Lupita Nyong’o’s horrifying Weinstein encounter is one many women are too familiar with


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Lupita Nyong’o’s horrifying Weinstein encounter is one many women are too familiar with

She urges us to end the conspiracy of silence

Lupita Nyong'o isn't just the latest celebrity to come forward with her own harrowing account of an encounter with Harvey Weinstein — she's also one of the first Black women to do so.

In a piece for The New York Times, Lupita details her experiences at the hands of Harvey Weinstein that she had kept silent about. Mostly, she had felt alone and, like many victims, blamed herself.

Lupita recounts her experiences with Harvey, saying that they met in 2011 in Berlin. She was told he was someone "to have in her corner" because he was a very powerful producer but he could also be a bully. Some time later, Harvey invited Lupita to his home in Connecticut.

At first, they were watching a movie with his children but then he invited her to his bedroom where Harvey asked to give her a massage. Thinking on her feet, Lupita decided it'd be better, and she'd have more control, if she gave him one.

Part of our drama school curriculum at Yale included body work, using massage techniques on one another to understand the connection between body, mind and emotion, and so I felt I could rationalize giving him one and keep a semblance of professionalism in spite of the bizarre circumstance. He agreed to this and lay on the bed. I began to massage his back to buy myself time to figure out how to extricate myself from this undesirable situation. Before long he said he wanted to take off his pants. I told him not to do that and informed him that it would make me extremely uncomfortable.

Lupita continues to say she "didn’t know how to proceed without jeopardizing [her] future." Later, Lupita details another encounter with Harvey where he seemed charming and affable at a dinner after a reading for Finding Neverland on Broadway. This encounter confused her, as it would many. Is it possible, perhaps, the massage wasn't all that weird?

Confident that perhaps new boundaries had been established, Lupita went to a screening she was invited to by Harvey a while later. The following occurred:

Afterward, as planned, his male assistant arranged for me to get to the Tribeca Grill, where Harvey would be joining us. I met a female assistant when I arrived there. I was expecting that it would be a group of us, as it had been for the reading, but she informed me it would just be Mr. Weinstein. She would sit with me until he arrived. She seemed on edge, but I could only imagine how stressful it was to work for a man who had so much going on.

Harvey arrived and the assistant immediately disappeared. We ordered drinks and starters. Again he was offended by my nonalcoholic beverage choice but he didn’t fight me on it as hard. Before the starters arrived, he announced: “Let’s cut to the chase. I have a private room upstairs where we can have the rest of our meal.” I was stunned. I told him I preferred to eat in the restaurant. He told me not to be so naïve. If I wanted to be an actress, then I had to be willing to do this sort of thing. He said he had dated Famous Actress X and Y and look where that had gotten them.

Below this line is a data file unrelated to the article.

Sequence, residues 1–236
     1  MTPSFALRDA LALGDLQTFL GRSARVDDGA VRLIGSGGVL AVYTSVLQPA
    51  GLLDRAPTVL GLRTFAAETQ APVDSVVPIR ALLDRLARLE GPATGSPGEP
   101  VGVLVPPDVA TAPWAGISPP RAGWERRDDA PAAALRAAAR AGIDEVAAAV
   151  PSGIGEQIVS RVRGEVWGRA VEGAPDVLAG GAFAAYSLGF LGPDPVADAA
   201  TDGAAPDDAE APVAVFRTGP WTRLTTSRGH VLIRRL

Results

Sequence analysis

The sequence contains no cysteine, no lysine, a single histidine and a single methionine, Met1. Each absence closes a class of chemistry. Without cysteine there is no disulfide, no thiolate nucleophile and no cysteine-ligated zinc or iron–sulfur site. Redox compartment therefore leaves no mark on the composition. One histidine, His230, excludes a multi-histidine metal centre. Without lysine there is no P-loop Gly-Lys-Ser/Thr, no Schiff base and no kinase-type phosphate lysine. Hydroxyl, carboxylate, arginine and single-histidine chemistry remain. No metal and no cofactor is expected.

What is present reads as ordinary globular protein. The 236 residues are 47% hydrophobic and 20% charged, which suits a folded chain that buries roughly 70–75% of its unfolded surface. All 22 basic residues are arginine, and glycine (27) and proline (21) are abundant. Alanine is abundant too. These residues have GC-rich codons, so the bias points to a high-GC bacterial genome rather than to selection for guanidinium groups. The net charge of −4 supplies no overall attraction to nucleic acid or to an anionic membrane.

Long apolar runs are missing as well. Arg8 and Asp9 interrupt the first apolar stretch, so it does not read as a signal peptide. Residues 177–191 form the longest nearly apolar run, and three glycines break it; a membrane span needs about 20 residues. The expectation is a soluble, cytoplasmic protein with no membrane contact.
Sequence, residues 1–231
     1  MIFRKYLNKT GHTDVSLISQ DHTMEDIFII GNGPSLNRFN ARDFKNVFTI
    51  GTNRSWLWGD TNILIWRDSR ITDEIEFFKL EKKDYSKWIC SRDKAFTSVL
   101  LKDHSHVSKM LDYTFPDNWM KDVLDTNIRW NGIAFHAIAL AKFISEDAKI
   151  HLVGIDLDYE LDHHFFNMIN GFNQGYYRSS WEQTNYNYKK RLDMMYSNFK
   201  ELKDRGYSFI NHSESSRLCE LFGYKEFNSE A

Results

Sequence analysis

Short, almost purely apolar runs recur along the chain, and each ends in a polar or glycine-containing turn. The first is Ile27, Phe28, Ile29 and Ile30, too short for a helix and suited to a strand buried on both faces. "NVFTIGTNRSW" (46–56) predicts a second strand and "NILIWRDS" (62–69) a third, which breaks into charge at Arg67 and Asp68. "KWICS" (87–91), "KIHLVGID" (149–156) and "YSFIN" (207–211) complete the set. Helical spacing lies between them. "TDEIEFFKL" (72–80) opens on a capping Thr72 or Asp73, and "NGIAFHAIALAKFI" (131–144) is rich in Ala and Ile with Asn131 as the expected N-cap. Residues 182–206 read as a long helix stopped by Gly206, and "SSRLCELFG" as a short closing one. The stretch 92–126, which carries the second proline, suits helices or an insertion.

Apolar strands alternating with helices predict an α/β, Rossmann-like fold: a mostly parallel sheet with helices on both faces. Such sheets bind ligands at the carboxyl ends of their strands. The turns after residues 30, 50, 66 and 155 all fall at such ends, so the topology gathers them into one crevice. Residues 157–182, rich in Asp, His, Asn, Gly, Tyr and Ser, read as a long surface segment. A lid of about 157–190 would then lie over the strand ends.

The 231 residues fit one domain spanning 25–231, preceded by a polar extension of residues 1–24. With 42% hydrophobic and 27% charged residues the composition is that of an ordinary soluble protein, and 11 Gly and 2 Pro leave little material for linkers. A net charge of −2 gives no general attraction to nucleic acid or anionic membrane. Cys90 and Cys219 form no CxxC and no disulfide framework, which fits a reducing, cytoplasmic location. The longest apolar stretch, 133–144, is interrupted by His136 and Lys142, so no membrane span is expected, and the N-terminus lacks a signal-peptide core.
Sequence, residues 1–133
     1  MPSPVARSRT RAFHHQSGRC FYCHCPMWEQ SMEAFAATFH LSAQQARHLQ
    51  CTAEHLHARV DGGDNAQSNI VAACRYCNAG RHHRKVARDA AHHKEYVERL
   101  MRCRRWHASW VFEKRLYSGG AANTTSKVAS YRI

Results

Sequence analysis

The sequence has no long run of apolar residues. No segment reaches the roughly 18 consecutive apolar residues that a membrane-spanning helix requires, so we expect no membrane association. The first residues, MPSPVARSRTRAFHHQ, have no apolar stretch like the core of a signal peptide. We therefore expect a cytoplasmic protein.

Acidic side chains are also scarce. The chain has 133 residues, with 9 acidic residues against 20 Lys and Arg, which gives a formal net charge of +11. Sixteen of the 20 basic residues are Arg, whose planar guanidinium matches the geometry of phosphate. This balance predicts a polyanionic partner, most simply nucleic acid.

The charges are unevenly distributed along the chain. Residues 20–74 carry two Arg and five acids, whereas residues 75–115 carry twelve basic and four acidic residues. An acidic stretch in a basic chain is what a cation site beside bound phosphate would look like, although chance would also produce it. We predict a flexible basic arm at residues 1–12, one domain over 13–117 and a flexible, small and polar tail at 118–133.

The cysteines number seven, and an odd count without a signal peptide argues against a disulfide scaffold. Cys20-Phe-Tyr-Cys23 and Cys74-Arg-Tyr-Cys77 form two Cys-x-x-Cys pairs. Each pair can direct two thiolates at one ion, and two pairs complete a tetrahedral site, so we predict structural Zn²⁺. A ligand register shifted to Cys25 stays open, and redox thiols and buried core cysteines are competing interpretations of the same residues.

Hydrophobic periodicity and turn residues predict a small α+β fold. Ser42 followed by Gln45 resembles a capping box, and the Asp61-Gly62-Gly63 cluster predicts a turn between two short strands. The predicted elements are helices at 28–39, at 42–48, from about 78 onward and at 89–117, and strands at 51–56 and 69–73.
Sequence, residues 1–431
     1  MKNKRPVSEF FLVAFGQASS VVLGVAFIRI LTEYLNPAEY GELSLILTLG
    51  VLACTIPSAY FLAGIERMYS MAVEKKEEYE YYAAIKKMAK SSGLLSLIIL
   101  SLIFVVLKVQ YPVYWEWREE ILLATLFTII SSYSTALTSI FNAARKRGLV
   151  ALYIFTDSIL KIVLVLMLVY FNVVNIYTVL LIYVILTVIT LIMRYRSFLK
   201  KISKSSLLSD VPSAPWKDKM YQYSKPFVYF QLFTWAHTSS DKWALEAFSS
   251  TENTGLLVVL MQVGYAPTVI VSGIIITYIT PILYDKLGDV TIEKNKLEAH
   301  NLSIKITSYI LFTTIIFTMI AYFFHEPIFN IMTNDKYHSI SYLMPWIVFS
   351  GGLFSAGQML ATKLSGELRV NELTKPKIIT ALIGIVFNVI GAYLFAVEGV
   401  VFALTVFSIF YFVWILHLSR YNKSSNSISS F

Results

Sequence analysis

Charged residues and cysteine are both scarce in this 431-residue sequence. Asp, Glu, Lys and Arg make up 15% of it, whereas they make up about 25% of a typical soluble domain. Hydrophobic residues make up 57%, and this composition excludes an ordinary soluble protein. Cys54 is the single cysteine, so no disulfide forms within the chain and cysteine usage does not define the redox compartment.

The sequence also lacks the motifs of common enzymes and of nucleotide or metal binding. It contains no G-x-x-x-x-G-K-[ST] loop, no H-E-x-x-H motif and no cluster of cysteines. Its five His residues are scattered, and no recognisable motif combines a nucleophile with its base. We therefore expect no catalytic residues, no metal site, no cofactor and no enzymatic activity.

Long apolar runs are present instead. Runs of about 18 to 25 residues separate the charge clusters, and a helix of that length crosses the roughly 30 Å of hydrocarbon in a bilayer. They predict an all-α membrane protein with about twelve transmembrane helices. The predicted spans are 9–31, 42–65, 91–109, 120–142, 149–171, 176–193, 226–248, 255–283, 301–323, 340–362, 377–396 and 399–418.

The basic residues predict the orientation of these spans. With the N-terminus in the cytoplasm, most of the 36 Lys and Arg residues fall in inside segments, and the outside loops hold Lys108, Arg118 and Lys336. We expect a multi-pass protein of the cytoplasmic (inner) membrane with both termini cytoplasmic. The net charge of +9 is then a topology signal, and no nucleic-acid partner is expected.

I was silent for a while before I mustered up the courage to politely decline his offer. “You have no idea what you are passing up,” he said. “With all due respect, I would not be able to sleep at night if I did what you are asking, so I must pass,” I replied.

His whole demeanor changed at that point. “Then I guess we are two ships passing in the night.” I had never heard that saying before, so I remember asking him what it meant. “It means just that,” he said. “We are two ships going in two different directions.”

“Yes, I guess we are.”

“So we are done here,” he said. “You can leave.”

Nervous that perhaps she had destroyed her chances in the business, Lupita asked Harvey if they were good. His reply? “I don’t know about your career, but you’ll be fine."

Again, Lupita goes on to detail another encounter with Harvey, this time after 12 Years a Slave where he seemingly apologized for treating her poorly in the past. She opens up about why she stayed silent and, ultimately that it's so important that we no longer stay silent about these sorts of crimes and injustices in the world. "The conspiracy of silence," as she says in the piece.

Lupita opening up brings to light more of Harvey's abusive and disgusting behavior but also sheds a light on something else — it's harder for Black women to come forward about sexual assault in general, but also in Hollywood.

It's easy to assume that women of color aren't being sexually assaulted or harassed because of the lack of accounts coming forward but it's quite the opposite.

In an industry where they're already struggling to gain a foothold they both A) don't have the opportunities that white women do to be alone in the room with someone like Harvey and B) to come forward would jeopardize any small chance they had. Which, is proven, in Lupita's statement repeatedly about how she was nervous she'd ruin her chances in the business. The same can be said for white women but, mostly, the stakes are higher and harder for women of color.

Lupita is right — there is a conspiracy of silence. There's a conspiracy of silence in Hollywood and in the rest of the world when it comes to sexual assault, especially when it comes to women of color and sexual assault.


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